For success in any field, three important components are pretty much universally recognized — we can call them theory, talent, and practice. In communication, theory refers to the ideas we discussed a moment ago, such as organization, style, and familiarity with your topic. Talent seems to be very important today, because we tend to believe that we’re pretty much born with the limits we can reach in any field. But more than anything, it took practice. Churchill had been a public communicator since he entered Parliament in his early twenties. And this brings us back to a point that was so perfectly expressed by Edison: “Genius is one percent inspiration and 99 percent perspiration.” The more you do something, the more you work at it, the more you experience it, the better you’ll get at it — until before you know it, everybody will be calling you a communication genius!

What Are YOU Aiming For? Critical Reading.

Most People Aim At Nothing In Life… And Hit It With Amazing Accuracy
By Dr. Tony Alessandra
There’s an old saying: “Most people aim at nothing in life . . . and hit it with amazing accuracy.” It’s a sad commentary about people, but it’s true. It is the striving for and the attainment of goals that makes life meaningful. Lewis Carroll stated this point beautifully in Alice in Wonderland:

What Can You Do?

 

ALICE: Mr. Cat, which of these paths shall I take?
CHESHlRE CAT: Well, my dear, where do you want to go?
ALICE: I don’t suppose it really matters.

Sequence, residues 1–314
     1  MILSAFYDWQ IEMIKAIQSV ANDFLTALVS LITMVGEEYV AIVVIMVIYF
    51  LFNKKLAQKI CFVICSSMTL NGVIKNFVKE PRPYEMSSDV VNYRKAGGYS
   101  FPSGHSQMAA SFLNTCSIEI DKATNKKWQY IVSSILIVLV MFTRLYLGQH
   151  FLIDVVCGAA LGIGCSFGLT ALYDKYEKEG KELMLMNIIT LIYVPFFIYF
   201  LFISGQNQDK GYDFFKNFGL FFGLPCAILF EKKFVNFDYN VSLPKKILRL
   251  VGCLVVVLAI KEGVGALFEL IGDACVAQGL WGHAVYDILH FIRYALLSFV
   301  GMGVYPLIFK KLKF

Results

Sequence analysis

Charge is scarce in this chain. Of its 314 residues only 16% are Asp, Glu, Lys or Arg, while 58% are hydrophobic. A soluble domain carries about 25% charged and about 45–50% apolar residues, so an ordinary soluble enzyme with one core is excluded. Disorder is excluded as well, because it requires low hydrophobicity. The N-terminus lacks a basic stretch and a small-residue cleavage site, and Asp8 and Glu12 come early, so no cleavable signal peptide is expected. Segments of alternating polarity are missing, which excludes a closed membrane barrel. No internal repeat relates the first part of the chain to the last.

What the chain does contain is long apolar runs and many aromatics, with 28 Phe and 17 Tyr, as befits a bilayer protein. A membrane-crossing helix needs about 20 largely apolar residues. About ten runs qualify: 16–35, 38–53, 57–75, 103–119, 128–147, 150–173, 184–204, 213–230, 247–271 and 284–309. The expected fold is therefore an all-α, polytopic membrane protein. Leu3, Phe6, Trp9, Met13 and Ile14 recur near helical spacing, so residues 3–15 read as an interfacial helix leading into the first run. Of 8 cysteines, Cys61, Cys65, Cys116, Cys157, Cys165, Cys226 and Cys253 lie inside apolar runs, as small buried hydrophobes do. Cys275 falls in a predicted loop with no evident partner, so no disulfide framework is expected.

CHESHlRE CAT: Then, my dear, any path will do!

No matter what kind of traveling you’re doing, whether it’s through life or across the country by car, if you don’t know where you’re going, you’ll never know if you’ve arrived. Taking just any road will leave your fulfillment to chance. That’s not good enough.

People who have no goals feel emotionally, socially, spiritually, physically, and professionally unbalanced. This can only cause anxiety. People who have goals are respected by their peers; they are taken seriously. Making decisions that affect the direction of your life positively is a sign of strength. Goals create drive and positively affect your personality.

The 3-Percent Solution

Time magazine reported on a national survey several years ago that only 3 percent of those surveyed had written personal goals; 97 percent of the people had no goals at all or had only thought about them. They had not committed their goals to writing. Interestingly the 3 percent who had written goals were found to have accomplished much more than any of the 97 percent.

Stepping-stones to Greatness

Achievements come from awareness, which starts with evaluating your strengths and weaknesses in the light of your current situation. You then expand your beliefs (assumptions) to accept more goals for yourself. This leads you to set plans and expand your actions to eventually achieve your goals. The model for this process is:

AWARENESS > BELIEFS > GOALS > PLANS > ACTIONS > ACHIEVEMENTS

One step leads to another. After an achievement, you reevaluate yourself and find that each new feather in your cap makes you feel capable of accomplishing more and more. Your beliefs (assumptions) then expand, making more goals possible. The effect gains momentum and grows like a snowball rolling downhill. In this way, greatness is achieved through small steppingstones.

Rules Of Goal Setting

Most people, when asked, “What are your goals in life?” say something like, “To be happy, healthy, and have plenty of money.” On the surface this may seem fine. As goals leading to actions, however, they just don’t make it. They don’t have the key ingredients necessary to make them effective, workable goals.

Your goal must be personal. This means your goals must be uttered with sincerity. It must be something you want to do rather than something you think you should do. Know your reasons for having the goal. Whether you want to achieve something for status, money, or good health is secondary as long as you want it badly enough to work hard for it.